Top Investors, Startups Connect on Georgetown’s Brightest Stage

September 16, 2013

Marking another milestone in the rise of Georgetown University’s entrepreneurship scene, hundreds of the best investors and startup founders from the mid-Atlantic region gathered Friday in the McDonough School of Business’ Lohrfink Auditorium.

TechBUZZ Georgetown—part of a recurring event series hosted by the Mid-Atlantic Venture Association—was one of the first times a large group of top angel investors and venture capitalists have converged upon a college campus. And it was for good reason: Georgetown’s entrepreneurship community has grown exponentially over the last few years under the leadership of director Jeff Reid. From a new two-year fellowship program to the StartupHoya Challenge business plan competition to a summer incubator, more Hoyas each year are looking to turn their ideas into businesses.
Fittingly, the spotlight was on both the heritage and the future of the regional startup community.

Noted Georgetown alum and Monumental Sports CEO Ted Leonsis (C’77) kicked off the event with a keynote address in which he stressed the importance of startups providing a clear value to the world. “The best startups I’ve been involved in have all, in one way or another, transformed something on a human level,” Leonsis said. He emphasized that the Jesuit values of his alma mater greatly influences how he runs his companies and chooses his investments.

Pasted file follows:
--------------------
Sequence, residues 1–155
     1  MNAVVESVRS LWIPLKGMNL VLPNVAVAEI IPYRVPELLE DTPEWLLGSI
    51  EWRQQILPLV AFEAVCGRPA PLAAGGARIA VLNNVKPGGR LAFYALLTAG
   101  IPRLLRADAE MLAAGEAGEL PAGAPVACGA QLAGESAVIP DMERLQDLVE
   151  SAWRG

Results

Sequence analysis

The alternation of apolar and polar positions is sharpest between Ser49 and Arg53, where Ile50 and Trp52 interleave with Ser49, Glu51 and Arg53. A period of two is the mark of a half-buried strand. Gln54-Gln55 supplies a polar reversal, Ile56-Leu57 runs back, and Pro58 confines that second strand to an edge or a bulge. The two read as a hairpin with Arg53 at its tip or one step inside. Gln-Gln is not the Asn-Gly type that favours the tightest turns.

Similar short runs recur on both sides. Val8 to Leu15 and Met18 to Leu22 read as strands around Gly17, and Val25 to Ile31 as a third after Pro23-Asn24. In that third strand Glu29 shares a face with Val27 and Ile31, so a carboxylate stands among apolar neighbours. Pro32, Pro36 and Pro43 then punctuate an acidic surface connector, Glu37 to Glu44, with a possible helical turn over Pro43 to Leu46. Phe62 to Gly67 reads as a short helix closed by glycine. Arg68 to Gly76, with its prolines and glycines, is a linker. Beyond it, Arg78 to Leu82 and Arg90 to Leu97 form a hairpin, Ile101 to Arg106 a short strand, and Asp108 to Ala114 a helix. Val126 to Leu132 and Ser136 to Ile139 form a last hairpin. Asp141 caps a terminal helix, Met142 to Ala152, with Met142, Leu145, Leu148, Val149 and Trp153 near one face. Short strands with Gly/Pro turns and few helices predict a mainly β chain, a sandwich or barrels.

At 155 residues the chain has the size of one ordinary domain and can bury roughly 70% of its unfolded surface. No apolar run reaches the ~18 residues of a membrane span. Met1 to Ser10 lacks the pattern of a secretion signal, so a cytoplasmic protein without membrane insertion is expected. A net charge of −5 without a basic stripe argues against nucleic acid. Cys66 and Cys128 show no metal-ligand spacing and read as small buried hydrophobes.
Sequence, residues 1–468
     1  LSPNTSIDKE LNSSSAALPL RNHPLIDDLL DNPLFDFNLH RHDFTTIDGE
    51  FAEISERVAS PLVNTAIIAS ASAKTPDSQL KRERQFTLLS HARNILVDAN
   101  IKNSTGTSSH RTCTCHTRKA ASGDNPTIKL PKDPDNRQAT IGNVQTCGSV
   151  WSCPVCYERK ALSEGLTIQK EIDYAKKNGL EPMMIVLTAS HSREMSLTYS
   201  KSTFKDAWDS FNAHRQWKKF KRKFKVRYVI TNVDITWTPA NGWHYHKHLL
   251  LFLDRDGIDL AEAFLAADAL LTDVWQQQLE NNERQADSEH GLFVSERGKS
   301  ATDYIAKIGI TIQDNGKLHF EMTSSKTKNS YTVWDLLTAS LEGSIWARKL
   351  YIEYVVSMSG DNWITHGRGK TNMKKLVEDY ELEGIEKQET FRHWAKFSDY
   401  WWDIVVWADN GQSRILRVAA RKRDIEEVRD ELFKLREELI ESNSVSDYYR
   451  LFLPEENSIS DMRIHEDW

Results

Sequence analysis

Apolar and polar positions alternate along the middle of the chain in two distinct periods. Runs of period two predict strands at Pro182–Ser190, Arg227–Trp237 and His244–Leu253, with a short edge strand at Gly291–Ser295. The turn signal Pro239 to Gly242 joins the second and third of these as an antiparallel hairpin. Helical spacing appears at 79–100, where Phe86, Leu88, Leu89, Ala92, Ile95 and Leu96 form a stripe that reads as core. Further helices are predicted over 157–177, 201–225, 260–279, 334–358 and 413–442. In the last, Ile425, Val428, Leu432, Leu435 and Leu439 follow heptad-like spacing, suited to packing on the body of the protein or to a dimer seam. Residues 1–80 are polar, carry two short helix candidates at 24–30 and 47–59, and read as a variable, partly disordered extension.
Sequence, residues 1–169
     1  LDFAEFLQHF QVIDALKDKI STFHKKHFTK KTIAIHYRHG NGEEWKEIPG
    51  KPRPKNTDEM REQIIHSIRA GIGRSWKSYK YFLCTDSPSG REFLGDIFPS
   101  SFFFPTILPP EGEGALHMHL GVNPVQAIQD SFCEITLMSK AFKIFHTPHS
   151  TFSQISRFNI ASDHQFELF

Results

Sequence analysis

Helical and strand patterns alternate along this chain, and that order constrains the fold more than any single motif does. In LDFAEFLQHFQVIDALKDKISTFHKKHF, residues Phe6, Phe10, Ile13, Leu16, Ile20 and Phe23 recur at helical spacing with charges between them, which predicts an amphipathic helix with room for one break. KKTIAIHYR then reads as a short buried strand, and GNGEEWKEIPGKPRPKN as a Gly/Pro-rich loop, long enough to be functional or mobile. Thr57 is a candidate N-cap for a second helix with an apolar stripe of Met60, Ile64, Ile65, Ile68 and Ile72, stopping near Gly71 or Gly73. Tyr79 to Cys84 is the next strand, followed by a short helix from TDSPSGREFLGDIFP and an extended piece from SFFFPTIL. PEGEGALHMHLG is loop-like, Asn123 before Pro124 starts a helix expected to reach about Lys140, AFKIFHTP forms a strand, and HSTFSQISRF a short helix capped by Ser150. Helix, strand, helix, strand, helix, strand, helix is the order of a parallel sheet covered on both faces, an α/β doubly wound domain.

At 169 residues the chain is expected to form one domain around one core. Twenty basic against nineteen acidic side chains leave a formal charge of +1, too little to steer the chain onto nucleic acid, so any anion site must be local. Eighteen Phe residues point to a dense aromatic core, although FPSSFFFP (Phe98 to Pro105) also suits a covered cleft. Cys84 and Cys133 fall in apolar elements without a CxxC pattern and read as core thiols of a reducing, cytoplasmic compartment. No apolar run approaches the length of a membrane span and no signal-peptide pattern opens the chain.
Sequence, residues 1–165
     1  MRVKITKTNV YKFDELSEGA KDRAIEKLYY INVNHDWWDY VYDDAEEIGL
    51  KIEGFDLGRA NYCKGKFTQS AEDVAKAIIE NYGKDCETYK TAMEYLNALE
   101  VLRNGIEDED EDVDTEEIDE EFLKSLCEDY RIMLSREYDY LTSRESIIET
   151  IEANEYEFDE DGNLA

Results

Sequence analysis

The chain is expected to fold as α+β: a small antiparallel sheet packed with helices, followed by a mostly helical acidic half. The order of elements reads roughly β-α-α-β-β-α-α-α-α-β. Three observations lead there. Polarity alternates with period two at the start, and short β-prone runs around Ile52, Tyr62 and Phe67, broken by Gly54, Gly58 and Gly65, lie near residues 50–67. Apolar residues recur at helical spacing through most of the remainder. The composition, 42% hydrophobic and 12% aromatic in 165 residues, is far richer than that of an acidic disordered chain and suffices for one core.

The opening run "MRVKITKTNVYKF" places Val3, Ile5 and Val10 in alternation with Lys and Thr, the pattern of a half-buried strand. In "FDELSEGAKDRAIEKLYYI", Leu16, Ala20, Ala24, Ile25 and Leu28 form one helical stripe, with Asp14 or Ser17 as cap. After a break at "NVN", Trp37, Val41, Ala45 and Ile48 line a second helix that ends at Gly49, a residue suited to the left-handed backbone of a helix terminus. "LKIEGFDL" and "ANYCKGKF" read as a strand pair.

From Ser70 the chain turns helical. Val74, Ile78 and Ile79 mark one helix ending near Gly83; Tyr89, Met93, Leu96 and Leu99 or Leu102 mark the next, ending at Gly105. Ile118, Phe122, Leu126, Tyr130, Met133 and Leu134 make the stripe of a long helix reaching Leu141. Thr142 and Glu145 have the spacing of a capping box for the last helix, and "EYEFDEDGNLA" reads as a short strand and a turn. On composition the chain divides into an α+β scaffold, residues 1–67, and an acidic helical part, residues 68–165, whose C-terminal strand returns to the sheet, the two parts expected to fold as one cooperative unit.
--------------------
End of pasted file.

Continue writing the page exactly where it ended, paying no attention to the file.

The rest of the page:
The crowd of investors—many of them visiting the Hariri Building for the first time—was then treated to a series of pitches from 18 of the region’s hottest seed stage companies. With industries ranging from mobile security to college admissions to facilities efficiency and beyond, the startups each had four minutes to make their best pitch as to why they deserved funding. Although the event was not a competition, the intensity was high: an expert panel was consulted as to which companies had the best presentation, business model, and team.

Georgetown students also were actively involved in this phase. Five presenting companies—Aquicore, Encore, C2G, CTBIM Inc., and Riide—were founded by Georgetown alumni and attracted special interest from investors and the press. “Fantastic event and great judges,” Aquicore founder and 2013 MBA graduate Logan Soya said. While many in the audience paid to hear these ideas, nearly 100 tickets were issued free of charge to current students to immerse them in the conversations and environment.

Nathaniel Ru and Nic Jammet, founders of the fast-growing salad chain Sweetgreen and 2007 Georgetown graduates, were the ending keynote speakers. Among other topics, Ru and Jammet discussed the importance of spending time with inspiring and empowering people.

TechBUZZ Georgetown was a huge success. While startup pitch events are a dime a dozen, Friday’s conference went beyond presentations and feedback to facilitate strong connections among current students, alumni founders, and leading investors from across the region. If you were there, you felt the energy and heard the call to action familiar to Georgetown’s culture—transcending dollars and cents to change the world.